NRA Loses After Whinging About Online Name-Calling | Law & Crime

NRA Loses in Court After Complaining About Being Called ‘Offensive’ Names

The National Rifle Association (NRA) lost a round in federal court on Sunday, after complaining that one of their lobbyists was subjected to online name-calling and “harassment.”

Because of that alleged harassment, lawyers for the NRA had requested that “Jane Doe”–a pseudonymous 19-year-old woman from Alachua County, Florida–be allowed to remain anonymous throughout an ongoing lawsuit targeting some of Florida’s recently-enacted gun laws.

The NRA’s secrecy request was based in part on a declaration filed by the group’s Florida-based lobbyist Marion Hammer. Hammer previously served as the NRA’s first female president from 1995 to 1998. In her declaration, Hammer detailed a series of allegedly “threatening” phone calls and emails.

She wrote, “After news of the Parkland shooting broke, I received numerous harassing emails and phone calls threatening my life and physical well-being. Those threats continue to this day. [Including] scores of threatening and harassing phone calls from individuals who have used offensive and derogatory language.”

One person said, “There is a special place in hell for nasty old rednecks like yourself,” while concluding, “Blood on your hands. You’re going down.”

Another person commented that Hammer was “a dyspeptic nasty old bag” and said her “extremist ideology is getting a lot of people killed.” This person finished up by noting their legal and religious preferences, saying, “May you rot in a prison cell before you rot in hell.”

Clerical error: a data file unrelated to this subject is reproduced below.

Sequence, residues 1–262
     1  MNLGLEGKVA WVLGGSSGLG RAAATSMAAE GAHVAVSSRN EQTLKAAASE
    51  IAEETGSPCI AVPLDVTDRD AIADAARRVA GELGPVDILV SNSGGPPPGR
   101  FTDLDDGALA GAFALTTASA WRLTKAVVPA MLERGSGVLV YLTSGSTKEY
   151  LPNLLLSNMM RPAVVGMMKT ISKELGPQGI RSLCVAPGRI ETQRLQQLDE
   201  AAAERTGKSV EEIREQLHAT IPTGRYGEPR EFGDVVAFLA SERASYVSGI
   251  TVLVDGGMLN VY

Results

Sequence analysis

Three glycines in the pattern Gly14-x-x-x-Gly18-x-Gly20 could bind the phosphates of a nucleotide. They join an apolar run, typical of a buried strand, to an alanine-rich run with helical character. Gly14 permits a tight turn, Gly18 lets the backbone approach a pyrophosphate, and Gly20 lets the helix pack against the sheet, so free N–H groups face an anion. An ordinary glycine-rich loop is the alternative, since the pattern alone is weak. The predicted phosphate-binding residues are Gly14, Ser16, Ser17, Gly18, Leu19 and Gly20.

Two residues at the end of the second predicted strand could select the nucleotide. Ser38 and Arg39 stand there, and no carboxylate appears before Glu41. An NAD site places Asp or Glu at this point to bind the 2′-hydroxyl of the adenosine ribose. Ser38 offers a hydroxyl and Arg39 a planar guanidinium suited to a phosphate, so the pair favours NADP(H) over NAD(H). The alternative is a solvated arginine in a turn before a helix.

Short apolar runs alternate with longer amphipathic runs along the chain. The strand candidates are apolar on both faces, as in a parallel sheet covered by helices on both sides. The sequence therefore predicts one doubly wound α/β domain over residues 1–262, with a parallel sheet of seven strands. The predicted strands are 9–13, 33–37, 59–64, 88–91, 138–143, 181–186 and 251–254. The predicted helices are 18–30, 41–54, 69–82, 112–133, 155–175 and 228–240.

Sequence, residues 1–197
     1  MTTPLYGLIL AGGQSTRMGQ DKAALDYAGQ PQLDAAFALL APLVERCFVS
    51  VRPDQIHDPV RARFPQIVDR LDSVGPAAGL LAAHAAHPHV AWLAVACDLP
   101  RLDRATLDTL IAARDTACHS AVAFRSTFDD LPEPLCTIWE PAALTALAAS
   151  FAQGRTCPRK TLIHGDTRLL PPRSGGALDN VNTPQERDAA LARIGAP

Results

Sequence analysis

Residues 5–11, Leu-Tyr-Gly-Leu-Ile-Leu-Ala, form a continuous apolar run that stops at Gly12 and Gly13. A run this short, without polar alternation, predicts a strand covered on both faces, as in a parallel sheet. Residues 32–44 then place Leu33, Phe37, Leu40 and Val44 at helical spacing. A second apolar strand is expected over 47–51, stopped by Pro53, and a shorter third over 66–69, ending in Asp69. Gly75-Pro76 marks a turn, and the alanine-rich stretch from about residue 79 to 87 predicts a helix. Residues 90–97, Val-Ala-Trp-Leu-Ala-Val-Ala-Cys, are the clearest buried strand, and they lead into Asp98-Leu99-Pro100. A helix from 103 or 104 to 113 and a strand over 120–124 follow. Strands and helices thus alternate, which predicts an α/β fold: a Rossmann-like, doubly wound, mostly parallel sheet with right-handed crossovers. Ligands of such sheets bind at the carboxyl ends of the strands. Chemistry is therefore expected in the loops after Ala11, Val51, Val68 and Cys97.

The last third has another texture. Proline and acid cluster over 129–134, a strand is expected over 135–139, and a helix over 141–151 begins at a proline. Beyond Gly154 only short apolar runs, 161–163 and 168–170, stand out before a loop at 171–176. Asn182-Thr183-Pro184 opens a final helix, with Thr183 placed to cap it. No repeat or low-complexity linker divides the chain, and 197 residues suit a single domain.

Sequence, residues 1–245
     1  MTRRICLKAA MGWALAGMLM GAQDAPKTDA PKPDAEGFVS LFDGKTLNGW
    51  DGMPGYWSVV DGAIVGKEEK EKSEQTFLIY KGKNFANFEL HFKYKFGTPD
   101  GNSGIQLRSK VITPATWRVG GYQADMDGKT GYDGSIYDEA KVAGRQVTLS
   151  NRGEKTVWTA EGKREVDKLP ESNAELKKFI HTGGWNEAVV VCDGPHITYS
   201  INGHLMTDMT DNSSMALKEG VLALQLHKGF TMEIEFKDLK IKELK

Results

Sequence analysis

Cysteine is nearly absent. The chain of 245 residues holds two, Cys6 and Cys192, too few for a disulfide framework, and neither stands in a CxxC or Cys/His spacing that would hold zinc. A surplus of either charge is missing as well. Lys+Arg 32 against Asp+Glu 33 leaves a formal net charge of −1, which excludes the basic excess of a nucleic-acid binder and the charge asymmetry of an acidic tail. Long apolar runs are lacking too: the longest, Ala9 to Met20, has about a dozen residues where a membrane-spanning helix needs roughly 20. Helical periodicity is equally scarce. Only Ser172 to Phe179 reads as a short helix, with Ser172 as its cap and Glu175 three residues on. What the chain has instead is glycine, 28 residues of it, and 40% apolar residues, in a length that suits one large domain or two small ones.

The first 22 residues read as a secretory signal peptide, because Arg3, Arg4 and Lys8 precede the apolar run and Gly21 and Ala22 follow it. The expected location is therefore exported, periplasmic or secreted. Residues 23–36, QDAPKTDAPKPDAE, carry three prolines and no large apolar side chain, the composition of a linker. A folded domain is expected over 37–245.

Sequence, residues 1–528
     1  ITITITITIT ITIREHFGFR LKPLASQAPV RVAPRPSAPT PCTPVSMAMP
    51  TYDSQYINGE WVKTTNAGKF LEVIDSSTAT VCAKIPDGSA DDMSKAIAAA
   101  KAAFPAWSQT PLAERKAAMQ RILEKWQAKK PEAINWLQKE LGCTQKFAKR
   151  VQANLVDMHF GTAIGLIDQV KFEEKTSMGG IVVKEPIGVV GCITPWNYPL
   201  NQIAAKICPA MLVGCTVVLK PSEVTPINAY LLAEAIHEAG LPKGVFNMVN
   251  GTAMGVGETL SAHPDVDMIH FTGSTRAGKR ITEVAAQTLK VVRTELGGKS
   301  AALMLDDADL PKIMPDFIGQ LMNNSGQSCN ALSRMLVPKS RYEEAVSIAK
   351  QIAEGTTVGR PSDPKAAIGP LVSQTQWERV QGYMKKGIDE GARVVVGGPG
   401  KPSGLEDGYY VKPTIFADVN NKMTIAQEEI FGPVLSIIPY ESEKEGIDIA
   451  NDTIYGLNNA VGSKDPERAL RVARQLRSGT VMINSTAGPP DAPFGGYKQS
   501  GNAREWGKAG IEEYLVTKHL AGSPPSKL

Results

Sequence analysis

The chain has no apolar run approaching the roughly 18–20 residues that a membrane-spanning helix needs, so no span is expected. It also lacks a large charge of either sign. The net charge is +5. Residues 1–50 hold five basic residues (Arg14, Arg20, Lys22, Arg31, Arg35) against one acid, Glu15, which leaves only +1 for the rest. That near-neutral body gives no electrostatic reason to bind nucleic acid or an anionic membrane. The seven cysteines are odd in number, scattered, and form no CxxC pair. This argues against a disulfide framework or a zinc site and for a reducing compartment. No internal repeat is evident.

Another message said, “Many are holding you accountable. Yes you need your guns because you have no strength of character and are ugly vile Stupid ignorant and murderous. There is no defense for you. Should have been you as one of the victims.”

The NRA argued that because Hammer had been the subject of such harassment and trolling, the 19-year-old “Jane Doe” was likely to open herself up to similar language should her name be made public.

(The underlying lawsuit is an attempt by the NRA to shelve age restrictions–and other such restrictions on gun purchases–pushed through the Florida legislature in the aftermath of the Valentine’s Day massacre at Marjory Stoneman Douglas High School. Those laws, amongst other things, increased the buying age for rifles from 18 to 21.)

While sympathetic to the idea that teenagers should not have to endure “continued harassment, and a concerning amount of public scrutiny” for their views on the Second Amendment, precedent in the U.S. Court of Appeals for the Eleventh Circuit more or less mandated the disclosure of the plaintiff’s identity.

The court noted, “[This court] has made it clear that pseudonyms may only be used in ‘exceptional’ cases…and that there is ‘a strong presumption in favor of parties’ proceeding in their own names.’ ”

And in his 17-page ruling issued Sunday, U.S. District Judge Mark Walker thoroughly shot down the NRA’s request. He wrote:

[T]his court finds that mere evidence of threats and harassment made online is insufficient to outweigh the customary and constitutionally-embedded presumption of openness in judicial proceedings. This is especially true where the targets of such threats and harassment are not minors and where the subject at issue does not involve matters of utmost intimacy.

[image via KAREN BLEIER/AFP/Getty Images]

Follow Colin Kalmbacher on Twitter: @colinkalmbacher

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